Back when I was a bookseller, and for the last two or three library positions I’ve worked at, I’ve had to recommend comics titles for kids–in two cases, I was not working anywhere near public services or collection development, but I was asked for recommendations as soon as I mentioned that I read comics, as comics are hot in libraries, but comics-reading librarians are still in short supply. Embarrassingly, though, youth titles are my weakest area; I just don’t read that many of them, and when I do, I’m not reading them in mind of their suitability for youth.
One of my sisters has a Master’s in Children’s Literature, and secondhand exposure to her education has led to a lot of overthinking on my part when I’m trying to recommend kids comics. So I always feel a little under-equipped dealing with them, because as a selfish adult reader, what I’m constantly looking for is glimmers of adulthood in those books–complex plotting, elegant art, darkness, sophistication–and I get excited when I see them, so excited that I sometimes forget that what makes a book a good grown-up book isn’t necessarily right in a kids’ book. The first service of children’s comics is not adult readers like me, but to children.
As obvious as that is, people miss it a lot. Children’s TV shows like Barney and Teletubbies frequently draw mockery for their simplicity and their innocence–qualities that are perfectly appropriate in material created for toddlers. Works that mix the more innocuous elements of adult appeal in with appeal to children can pull double duty–Calvin and Hobbes was pretty successful at mixing the childlike imagination with adult observations, creating a comic that could be sincerely enjoyed on several levels–but I do wonder whether that actually makes them any better as works for children. (I’d guess that a great portion of C&H’s enduring popularity with my generation is due to the fact that the adult perspective mixed into the child’s adventure gives nostalgic adult re-readers something to enjoy beyond the nostalgia itself.)
One of my favorite recommendations as a core YA manga title is Hikaru no Go, but I must confess that I like it as much as I do because it’s so solidly crafted, not because it taps into my latent childish imagination. And honestly, craft and skill weren’t all that high on my list of priorities when I looked for books as a kid–I certainly reacted to, say, the lively, funny, expressive quality of Berkeley Breathed’s cartooning in Bloom County, but I didn’t register the level of skill required to produce it until much, much later. It impresses me now on an intellectual level I just didn’t have when my brain was still a work in progress. I’ve had some good luck suggesting gorgeously made children’s comics to children and their parents, but I’ve also had some serious failures–the universal rejection of Jeff Smith’s Bone by the YA graphic novel club I used to co-host springs to mind–and I have had to learn to swallow it, and not push my adult aesthetic sensibilities on child readers.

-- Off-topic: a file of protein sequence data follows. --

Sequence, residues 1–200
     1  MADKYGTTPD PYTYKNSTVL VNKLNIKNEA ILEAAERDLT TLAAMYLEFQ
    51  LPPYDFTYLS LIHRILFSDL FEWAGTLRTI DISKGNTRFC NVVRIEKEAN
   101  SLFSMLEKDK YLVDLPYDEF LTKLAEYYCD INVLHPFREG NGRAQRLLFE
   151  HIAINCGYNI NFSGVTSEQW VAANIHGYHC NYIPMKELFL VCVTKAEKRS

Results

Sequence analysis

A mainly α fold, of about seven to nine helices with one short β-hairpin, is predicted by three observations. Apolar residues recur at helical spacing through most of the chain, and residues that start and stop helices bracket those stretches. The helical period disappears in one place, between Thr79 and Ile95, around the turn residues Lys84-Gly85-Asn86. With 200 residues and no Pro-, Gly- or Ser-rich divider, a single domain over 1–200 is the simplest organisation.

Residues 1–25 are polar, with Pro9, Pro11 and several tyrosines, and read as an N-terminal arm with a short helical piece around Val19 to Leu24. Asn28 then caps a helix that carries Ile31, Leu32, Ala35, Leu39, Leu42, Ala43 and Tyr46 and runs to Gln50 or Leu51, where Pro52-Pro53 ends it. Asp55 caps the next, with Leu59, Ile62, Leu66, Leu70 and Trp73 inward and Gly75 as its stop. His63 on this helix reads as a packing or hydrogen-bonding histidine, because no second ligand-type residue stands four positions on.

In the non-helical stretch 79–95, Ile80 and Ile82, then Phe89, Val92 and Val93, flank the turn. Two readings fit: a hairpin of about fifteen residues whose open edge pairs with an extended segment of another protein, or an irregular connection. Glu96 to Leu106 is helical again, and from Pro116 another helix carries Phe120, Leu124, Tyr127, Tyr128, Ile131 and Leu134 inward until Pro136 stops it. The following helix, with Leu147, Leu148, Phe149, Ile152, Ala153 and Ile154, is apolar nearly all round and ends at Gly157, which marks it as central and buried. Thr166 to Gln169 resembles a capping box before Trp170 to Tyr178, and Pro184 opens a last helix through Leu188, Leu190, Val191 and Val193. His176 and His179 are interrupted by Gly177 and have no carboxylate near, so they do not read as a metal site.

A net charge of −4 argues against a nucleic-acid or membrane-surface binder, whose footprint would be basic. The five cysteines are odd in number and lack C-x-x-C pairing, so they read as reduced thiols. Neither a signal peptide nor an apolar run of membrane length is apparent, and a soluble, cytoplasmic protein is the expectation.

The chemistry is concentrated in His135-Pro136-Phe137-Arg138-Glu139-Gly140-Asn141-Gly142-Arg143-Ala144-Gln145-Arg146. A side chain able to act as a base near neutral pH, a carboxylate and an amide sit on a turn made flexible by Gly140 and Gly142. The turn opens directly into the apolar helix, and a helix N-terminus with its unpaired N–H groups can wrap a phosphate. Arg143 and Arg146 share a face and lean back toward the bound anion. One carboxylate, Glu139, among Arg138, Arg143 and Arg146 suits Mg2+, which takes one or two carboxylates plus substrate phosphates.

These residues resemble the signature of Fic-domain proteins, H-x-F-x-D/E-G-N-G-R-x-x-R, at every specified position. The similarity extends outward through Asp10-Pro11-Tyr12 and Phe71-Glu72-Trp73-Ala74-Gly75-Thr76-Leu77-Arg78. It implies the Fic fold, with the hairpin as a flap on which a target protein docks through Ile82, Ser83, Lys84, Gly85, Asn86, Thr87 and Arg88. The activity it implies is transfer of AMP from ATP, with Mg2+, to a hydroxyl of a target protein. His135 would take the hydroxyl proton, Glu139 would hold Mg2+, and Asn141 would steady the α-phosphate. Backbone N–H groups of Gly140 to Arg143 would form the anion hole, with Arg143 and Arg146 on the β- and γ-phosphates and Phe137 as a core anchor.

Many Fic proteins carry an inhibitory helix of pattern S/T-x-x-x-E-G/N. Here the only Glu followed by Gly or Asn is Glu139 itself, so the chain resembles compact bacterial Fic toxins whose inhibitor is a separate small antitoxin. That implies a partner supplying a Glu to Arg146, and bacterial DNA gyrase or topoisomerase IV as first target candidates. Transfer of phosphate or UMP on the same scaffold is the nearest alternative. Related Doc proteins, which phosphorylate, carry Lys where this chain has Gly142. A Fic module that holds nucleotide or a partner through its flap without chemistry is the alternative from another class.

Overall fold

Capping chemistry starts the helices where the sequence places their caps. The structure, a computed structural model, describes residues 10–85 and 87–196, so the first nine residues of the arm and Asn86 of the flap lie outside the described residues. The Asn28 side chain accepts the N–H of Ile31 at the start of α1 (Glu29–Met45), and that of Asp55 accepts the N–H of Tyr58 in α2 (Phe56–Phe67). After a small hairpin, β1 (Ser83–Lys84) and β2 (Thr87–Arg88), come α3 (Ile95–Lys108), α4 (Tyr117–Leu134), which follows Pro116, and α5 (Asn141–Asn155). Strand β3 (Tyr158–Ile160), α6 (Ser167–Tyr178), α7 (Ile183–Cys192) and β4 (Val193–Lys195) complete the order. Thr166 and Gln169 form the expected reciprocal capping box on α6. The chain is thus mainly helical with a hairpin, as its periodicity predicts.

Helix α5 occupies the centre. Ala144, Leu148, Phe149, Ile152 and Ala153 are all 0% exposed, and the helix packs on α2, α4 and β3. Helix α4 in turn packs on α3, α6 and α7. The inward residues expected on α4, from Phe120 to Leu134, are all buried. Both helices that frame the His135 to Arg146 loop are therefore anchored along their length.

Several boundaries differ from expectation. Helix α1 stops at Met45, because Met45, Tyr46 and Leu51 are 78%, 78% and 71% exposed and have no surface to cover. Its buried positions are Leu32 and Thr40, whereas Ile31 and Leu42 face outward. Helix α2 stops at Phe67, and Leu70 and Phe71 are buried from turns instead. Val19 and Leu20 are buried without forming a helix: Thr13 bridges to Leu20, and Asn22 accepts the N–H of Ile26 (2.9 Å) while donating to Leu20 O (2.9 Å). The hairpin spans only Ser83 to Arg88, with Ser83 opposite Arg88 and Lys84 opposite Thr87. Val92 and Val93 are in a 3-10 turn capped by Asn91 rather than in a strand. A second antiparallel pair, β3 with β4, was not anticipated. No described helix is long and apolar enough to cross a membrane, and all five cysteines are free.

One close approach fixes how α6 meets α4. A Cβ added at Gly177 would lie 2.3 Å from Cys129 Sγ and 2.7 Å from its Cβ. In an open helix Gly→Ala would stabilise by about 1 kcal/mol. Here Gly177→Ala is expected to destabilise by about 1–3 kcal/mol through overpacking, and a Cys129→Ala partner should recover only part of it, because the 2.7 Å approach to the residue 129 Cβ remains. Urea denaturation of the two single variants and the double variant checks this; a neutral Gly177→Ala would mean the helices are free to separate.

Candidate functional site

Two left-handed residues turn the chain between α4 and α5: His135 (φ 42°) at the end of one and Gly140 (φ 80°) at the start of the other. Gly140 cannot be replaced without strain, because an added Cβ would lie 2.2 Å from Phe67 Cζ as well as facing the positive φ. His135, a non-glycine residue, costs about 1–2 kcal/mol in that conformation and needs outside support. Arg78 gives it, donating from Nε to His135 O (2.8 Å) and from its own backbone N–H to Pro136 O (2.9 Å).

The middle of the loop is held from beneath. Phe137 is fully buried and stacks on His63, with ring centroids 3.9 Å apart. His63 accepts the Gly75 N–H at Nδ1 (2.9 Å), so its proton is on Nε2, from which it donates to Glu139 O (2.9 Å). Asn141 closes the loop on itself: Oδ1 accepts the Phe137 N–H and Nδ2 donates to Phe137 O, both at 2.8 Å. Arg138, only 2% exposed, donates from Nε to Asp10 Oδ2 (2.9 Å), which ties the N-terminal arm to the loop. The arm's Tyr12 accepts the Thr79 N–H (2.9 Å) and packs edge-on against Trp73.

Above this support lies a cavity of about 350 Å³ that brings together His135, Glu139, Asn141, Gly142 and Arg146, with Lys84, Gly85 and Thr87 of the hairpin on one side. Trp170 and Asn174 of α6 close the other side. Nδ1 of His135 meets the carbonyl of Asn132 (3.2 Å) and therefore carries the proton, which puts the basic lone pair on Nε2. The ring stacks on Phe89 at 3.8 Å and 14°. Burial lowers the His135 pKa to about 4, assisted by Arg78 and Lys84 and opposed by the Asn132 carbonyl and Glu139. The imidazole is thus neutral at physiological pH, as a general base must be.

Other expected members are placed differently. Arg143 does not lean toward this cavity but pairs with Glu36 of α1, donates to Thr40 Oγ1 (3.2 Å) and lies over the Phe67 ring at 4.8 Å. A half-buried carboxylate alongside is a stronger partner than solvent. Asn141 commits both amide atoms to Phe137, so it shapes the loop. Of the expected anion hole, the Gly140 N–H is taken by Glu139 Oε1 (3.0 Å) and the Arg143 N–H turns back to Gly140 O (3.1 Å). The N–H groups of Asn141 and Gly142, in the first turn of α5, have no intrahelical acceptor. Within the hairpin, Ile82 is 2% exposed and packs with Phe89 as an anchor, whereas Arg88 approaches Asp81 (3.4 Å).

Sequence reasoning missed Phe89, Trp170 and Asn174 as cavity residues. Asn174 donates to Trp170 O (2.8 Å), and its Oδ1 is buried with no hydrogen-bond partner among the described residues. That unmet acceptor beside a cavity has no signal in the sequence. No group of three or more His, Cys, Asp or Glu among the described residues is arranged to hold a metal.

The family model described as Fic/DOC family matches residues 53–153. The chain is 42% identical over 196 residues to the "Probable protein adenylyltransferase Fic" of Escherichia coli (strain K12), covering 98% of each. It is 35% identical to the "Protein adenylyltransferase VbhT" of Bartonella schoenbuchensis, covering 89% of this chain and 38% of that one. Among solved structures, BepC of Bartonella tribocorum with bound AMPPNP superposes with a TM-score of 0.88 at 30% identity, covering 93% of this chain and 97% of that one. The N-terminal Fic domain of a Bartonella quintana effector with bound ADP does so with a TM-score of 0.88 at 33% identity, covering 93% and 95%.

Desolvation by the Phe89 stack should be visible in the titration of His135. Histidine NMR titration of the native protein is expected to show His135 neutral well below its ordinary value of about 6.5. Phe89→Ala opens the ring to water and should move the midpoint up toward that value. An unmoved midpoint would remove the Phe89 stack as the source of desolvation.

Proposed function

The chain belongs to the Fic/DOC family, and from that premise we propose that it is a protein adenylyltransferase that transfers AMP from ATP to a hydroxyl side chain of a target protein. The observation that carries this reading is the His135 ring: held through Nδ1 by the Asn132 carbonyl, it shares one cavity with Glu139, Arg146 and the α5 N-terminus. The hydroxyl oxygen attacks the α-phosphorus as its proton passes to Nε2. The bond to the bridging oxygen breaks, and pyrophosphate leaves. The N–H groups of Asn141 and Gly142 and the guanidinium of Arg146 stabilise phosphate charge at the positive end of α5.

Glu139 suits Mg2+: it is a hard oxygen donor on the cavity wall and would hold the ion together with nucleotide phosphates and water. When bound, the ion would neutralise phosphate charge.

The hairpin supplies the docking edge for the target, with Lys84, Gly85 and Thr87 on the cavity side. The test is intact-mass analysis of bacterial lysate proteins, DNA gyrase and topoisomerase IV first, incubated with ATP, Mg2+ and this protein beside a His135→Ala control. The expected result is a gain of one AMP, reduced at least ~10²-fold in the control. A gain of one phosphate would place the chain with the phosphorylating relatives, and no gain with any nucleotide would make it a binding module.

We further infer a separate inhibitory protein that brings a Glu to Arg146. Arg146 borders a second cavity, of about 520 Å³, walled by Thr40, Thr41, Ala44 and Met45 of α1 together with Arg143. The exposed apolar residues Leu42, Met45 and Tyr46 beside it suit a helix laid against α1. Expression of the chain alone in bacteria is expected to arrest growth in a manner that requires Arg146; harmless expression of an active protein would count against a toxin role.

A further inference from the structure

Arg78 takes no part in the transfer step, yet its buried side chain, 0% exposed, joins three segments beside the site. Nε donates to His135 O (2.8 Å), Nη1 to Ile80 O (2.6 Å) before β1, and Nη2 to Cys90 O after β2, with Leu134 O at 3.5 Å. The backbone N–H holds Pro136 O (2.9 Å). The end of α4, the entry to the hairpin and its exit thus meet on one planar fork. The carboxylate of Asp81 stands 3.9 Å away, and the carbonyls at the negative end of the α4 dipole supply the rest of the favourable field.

(Incidentally, I love Bone, with all its whimsy and frolicking fun, but I wouldn’t love it as much if not for the way that the unsettling nightmares and the darkness permeate the thing. However, though the interplay of light humor and of horror in Bone is one of the highlights for me now, I think I would have been less enthusiastic as a child; I had a much lower appreciation for the sense of creeping terror when I was ten years old. Other ten-year-olds might certainly feel otherwise.)
In the vein of adult sensibilities, I really enjoyed these Thought Balloonist essays on a set of TOON books—Charles Hatfield’s essay here, and Craig Fischer’s response–not least for Fischer’s comment that despite his and Hatfield’s lack of ardor for them, “I suspect….that kids might be more enthusiastic about these books than us crabby old adults are.” But the key bit I am thinking of is in one of Hatfield’s observations on Silly Lilly, which had been praised for its deceptive simplicity: “Not to be curmudgeonly, but the flatness of the approach seems to me to invite a rather adult construction of childhood ‘simplicity.'”
I gather that’s not an uncommon pitfall in writing for children–that is, talking down to children when trying to invoke a child’s point of view. I had a similar thought while reading Guibert and Sfar’s very precious Sardine in Outer Space–there seemed to be too much winking and nodding about the formula of a child’s adventure story for the book to sincerely be a child’s adventure story. But, as my sister pointed out to me, affected childishness doesn’t necessarily stop children from enjoying a book. She cited Peter Pan to me as a classic example: it’s a condescending meta-commentary about children’s imaginations, winking at adult readers, but simultaneously it’s a very successful children’s story with demonstrable staying power and a significant hold on our cultural imagination.
Ultimately, when it comes to actually trying to match up kids to kids’ comics, I try to take my cue from what other children appear to actually enjoy, as we modern librarian-types do. I don’t trust my natural judgment in this area–at the end of the day, I like adult comics, and I like them for their adult qualities–but I’m not interested enough to cultivate the real critical perspective on the field that would better equip me to navigate children’s publishing. Blah.